# Wind Shadow of AC36 Boats

Discussion in 'Hydrodynamics and Aerodynamics' started by farjoe, Mar 13, 2021.

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### farjoeSenior Member

Most normal sailors have a pretty good idea of the area affected by the wind shadow of a normal boat sailing ahead?

But how does it look like for boats going at 4x wind speed?

Does the shadow fan out further when going from hard upwind to when running square?

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### AlexanderSahlinJunior Member

I was going to start a new thread on this subject after viewing the AC-races, and now you have already done that farjoe, what a coincidence!
What we can see from the AC-races is that it seems very hard for the boat behind to pass, and that the distance usually increases during the race independently of which boat is leading.
There are other classes that sail 3 or 4 times the wind-speed. My experience is from skate-sailing, that is about as fast as the AC-75, -some 30 knots upwind and 40 knots downwind with top-speed slightly above 50 knots. What I have observed there is that the downwash behind another skate-sailor lives a very long distance behind that sailor, and is concentrated in a quite narrow path almost straight behind that sailor. However, in skate-sailing it is possible to overtake a sailor in front as long as you have just some small advantage in speed and keep out of that narrow path of downwash.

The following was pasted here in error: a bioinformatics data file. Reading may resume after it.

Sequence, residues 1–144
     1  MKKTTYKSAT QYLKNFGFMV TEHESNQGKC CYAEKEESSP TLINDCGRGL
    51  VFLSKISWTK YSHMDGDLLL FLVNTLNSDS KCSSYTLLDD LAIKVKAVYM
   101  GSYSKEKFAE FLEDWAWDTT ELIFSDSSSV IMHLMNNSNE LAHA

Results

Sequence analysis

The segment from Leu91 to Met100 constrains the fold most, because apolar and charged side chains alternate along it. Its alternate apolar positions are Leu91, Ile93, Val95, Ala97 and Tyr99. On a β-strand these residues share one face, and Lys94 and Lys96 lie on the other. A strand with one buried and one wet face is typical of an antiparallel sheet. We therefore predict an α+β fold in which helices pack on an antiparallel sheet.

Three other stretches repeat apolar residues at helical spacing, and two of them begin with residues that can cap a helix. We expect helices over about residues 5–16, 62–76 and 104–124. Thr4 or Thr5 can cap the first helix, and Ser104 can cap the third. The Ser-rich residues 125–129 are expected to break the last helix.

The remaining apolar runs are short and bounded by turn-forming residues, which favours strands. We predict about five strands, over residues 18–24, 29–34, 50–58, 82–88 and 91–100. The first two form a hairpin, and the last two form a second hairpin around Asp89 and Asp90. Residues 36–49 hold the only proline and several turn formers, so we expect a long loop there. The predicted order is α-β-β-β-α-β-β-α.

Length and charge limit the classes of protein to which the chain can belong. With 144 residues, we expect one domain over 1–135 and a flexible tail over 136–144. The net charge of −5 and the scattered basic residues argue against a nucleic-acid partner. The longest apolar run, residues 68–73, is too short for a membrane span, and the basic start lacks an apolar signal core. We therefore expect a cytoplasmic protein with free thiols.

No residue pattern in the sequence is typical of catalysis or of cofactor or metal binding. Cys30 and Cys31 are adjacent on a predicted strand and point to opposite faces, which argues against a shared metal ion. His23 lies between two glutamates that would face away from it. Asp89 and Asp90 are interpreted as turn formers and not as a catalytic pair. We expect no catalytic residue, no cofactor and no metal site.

One difference between skate-sails and the AC-75 is that the skate-sail is just 3.4 m high above the ice, with an aerodynamic force at some 300 N and sails on a 1 km wide course. The AC-75 on the other hand is some 30 m above the water with an aerodynamic force around 30 kN and also sails on a space about 1 km wide. With the high apparent windspeed you get on the AC-75 they can get a substantial span-loading. Obviously, the AC-75 can fly in quite low wind, about 8 knots.
This make me think of the applying simplified wind-turbine theory on the wind-speed leeward of the path of an AC-75.
Assume that the AC-75 has an aerodynamic lift at 30 kN and sweeps over a cross-section area at 30 x 1000 m. This give a disc-loading at 1 N/sqm. If the true windspeed is 8 knots, this disc-loading corresponds to a lift-coefficient at 0.1 (based on swept disc area) and will reduce the windspeed downwind of the leading boats path by some 5 %. The fact that the leading AC-75 sails a little closer to the wind than 90° reduces this a little, but the reduction in windspeed is still in the same ball-park.